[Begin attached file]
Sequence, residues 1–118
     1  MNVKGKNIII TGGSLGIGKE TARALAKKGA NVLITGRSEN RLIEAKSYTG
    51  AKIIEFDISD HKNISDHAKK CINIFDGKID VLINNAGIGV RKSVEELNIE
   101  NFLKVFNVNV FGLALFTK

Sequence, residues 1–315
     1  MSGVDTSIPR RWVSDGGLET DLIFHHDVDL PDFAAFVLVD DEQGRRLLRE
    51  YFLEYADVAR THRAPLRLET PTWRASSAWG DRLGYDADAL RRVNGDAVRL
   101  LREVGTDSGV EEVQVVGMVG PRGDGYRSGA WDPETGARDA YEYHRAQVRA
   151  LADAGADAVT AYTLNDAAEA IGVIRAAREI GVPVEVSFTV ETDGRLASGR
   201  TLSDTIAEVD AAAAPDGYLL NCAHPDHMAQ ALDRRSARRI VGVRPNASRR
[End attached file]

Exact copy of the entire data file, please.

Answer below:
Sequence, residues 1–118
     1  MNVKGKNIII TGGSLGIGKE TARALAKKGA NVLITGRSEN RLIEAKSYTG
    51  AKIIEFDISD HKNISDHAKK CINIFDGKID VLINNAGIGV RKSVEELNIE
   101  NFLKVFNVNV FGLALFTK

Sequence, residues 1–315
     1  MSGVDTSIPR RWVSDGGLET DLIFHHDVDL PDFAAFVLVD DEQGRRLLRE
    51  YFLEYADVAR THRAPLRLET PTWRASSAWG DRLGYDADAL RRVNGDAVRL
   101  LREVGTDSGV EEVQVVGMVG PRGDGYRSGA WDPETGARDA YEYHRAQVRA
   151  LADAGADAVT AYTLNDAAEA IGVIRAAREI GVPVEVSFTV ETDGRLASGR
   201  TLSDTIAEVD AAAAPDGYLL NCAHPDHMAQ ALDRRSARRI VGVRPNASRR